We hear so much these days about accepting people as they are, but I believe that this is something that sounds great on a motivational plague, and has no basis in reality. When people have to deal with certain traits from those who have ADHD, it would be unfair to both the one with and without the disorder if there was unconditional acceptance of disruptive behaviour.
- Condition (Webster’s Dictionary):
- a way of living or existing
- the state in which something exists : the physical state of something
- the physical or mental state of a person or animal
- (b) a premise upon which the fulfillment of an agreement depends
Both of these definitions are fitting when it comes to addressing interactions and relationships involving those with ADHD.
It’s important that we not discriminate against people, be prejudice, stereotype others or reject people for superficial reasons. However, I do feel that it is healthy to explain to people with ADHD, that while you accept them, you don’t have to accept their behaviour.
What people often neglect to realise is that accepting people doesn’t mean accepting their distractive or unhealthy behaviours and habits. ADHD not only affects the life of the diagnosed; it also affects everyone else in their life.
It can feel quite hurtful for those who are rejected or mistreated as a result of the impact that their symptoms have had on others. Think of how difficult it is for us who do have this disorder to come to terms with the negative impact that our symptoms have on our own lives. It’s hard for others to deal with, it’s even harder for us to cope with.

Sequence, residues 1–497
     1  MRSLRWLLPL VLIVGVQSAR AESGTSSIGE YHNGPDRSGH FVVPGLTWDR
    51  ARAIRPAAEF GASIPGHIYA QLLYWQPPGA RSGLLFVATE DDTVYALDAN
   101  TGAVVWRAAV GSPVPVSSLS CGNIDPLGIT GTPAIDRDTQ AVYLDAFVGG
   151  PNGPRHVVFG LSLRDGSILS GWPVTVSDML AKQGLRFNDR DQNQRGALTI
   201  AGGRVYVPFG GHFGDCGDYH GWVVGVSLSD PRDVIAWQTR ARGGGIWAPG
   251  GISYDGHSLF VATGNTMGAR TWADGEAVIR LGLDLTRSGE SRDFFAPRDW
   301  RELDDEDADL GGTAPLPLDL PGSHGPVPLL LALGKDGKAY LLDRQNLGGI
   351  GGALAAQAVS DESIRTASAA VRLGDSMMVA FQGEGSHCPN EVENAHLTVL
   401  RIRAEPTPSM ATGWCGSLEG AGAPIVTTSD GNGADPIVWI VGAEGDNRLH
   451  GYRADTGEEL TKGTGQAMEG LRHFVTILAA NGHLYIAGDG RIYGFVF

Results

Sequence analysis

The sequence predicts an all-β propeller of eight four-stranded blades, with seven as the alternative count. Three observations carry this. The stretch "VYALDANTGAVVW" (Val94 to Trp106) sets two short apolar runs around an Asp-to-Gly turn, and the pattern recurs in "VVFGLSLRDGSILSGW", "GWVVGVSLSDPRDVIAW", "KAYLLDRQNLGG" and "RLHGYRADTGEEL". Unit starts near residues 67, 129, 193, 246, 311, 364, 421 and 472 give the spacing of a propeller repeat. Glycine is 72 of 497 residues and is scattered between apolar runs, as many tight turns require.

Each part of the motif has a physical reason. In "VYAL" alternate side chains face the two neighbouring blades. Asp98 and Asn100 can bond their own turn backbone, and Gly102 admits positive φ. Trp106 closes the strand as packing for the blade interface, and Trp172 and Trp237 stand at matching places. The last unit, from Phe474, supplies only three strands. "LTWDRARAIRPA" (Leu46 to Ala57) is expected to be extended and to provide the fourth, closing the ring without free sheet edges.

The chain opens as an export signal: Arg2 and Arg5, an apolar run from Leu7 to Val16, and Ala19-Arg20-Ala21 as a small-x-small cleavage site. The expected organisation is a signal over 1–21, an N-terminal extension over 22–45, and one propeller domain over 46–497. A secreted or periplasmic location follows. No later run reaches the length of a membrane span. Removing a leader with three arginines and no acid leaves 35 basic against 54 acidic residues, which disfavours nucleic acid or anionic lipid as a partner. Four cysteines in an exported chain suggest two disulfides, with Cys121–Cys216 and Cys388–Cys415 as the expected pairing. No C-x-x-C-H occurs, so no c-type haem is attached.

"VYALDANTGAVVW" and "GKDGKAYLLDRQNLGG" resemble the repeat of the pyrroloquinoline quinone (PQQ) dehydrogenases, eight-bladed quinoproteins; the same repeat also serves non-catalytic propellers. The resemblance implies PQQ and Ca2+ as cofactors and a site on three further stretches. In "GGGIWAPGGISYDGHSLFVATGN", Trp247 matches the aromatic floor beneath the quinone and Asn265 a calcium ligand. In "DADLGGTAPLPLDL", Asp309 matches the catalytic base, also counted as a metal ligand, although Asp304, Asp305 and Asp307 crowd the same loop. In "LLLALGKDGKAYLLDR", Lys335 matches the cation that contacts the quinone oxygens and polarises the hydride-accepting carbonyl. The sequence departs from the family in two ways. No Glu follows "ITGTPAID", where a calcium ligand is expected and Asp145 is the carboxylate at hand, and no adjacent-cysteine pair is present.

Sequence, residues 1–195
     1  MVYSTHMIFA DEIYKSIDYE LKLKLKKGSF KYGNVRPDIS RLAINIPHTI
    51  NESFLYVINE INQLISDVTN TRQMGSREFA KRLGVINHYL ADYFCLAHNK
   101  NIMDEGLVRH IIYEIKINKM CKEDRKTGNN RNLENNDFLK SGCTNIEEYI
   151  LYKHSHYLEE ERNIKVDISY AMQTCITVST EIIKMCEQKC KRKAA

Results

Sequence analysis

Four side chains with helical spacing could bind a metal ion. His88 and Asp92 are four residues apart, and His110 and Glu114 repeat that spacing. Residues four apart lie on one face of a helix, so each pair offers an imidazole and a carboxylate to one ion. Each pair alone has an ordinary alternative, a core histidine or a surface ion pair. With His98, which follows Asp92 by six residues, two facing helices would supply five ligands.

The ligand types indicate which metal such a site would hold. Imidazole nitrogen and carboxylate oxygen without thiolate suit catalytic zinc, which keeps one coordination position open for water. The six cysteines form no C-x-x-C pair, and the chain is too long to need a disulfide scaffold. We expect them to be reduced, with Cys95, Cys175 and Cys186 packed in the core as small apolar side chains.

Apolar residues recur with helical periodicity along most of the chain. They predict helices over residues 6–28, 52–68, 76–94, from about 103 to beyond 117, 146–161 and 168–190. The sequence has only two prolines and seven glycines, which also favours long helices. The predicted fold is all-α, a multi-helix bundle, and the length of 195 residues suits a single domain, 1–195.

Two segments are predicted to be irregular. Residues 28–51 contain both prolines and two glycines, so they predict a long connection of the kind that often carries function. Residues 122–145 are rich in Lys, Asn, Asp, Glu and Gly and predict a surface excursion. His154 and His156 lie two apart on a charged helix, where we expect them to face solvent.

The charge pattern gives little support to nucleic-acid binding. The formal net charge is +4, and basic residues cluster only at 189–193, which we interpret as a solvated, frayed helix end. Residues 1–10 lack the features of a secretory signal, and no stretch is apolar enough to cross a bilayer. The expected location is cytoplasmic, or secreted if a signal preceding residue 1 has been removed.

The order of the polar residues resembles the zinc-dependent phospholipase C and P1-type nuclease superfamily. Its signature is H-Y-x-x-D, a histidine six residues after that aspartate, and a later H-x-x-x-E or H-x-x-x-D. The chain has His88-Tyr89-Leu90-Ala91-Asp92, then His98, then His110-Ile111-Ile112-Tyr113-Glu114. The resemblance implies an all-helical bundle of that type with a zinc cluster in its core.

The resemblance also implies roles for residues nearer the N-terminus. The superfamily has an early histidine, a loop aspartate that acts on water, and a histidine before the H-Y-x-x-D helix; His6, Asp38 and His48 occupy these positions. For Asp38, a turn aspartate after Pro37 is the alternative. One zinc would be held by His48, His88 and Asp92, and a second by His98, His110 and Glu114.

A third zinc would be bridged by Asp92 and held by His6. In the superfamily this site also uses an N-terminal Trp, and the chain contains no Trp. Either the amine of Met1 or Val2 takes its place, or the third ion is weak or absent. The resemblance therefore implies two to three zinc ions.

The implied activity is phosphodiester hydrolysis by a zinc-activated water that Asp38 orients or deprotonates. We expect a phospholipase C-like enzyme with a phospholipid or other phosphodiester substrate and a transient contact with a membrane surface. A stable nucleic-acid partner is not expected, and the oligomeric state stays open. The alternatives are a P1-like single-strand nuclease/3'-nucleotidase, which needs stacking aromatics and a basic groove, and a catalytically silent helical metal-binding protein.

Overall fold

People don’t understand that our symptoms can only be managed, they cannot be cured. Why not? Because we don’t have a disease. The best that we can do is manage our symptoms. Management means that we will have to accept the flaws and imperfections that come along with living the life of an ADHD person.
At the end of the day, my hope is that you realise you are not a bad person, selfish, cruel or unkind. You may not even be aware of the things you do and how they negatively impact others.
Thank the people who set boundaries and conditions with you. Remember to allow yourself to be vulnerable enough to let them know that you do need their help in managing your symptoms as a lot of the behaviours and symptoms are unconscious to you. When others place boundaries or conditions on your ADHD behaviour or symptoms, it doesn’t mean that they are rejecting you. They are protecting themselves from having your disruptive and possibly destructive symptoms negatively affect them and in return preventing it from doing the same to you.